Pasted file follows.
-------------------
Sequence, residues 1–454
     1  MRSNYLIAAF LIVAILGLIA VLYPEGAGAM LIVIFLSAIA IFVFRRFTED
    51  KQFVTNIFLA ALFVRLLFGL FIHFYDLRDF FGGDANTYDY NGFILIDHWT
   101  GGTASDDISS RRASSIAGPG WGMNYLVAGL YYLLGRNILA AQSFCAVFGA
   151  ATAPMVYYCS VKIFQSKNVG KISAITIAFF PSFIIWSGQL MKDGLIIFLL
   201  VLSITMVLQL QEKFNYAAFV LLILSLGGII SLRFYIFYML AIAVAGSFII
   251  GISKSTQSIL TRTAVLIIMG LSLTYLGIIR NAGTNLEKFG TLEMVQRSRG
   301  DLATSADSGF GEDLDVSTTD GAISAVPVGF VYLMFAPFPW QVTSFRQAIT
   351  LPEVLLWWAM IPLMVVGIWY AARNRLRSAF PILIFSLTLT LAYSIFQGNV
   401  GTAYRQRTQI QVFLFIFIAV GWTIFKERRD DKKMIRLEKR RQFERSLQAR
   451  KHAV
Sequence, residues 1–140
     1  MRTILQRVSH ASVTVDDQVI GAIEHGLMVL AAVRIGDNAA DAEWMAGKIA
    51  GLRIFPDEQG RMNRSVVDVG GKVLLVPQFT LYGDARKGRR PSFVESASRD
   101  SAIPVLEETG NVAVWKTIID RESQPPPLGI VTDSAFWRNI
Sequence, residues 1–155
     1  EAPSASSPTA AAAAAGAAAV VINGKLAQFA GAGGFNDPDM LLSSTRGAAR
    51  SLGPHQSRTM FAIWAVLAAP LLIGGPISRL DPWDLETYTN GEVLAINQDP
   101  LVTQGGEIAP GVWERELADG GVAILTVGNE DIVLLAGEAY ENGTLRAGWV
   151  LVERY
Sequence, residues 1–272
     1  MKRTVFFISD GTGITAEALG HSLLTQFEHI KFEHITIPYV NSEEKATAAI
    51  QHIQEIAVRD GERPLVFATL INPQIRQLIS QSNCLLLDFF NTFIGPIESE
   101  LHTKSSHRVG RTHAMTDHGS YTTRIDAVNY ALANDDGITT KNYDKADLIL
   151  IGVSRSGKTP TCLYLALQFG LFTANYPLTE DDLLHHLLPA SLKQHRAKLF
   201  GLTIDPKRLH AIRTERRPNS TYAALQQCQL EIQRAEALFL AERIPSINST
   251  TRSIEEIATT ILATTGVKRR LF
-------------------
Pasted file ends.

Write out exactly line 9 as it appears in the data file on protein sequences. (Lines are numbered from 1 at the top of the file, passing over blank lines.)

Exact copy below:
   351  LPEVLLWWAM IPLMVVGIWY AARNRLRSAF PILIFSLTLT LAYSIFQGNV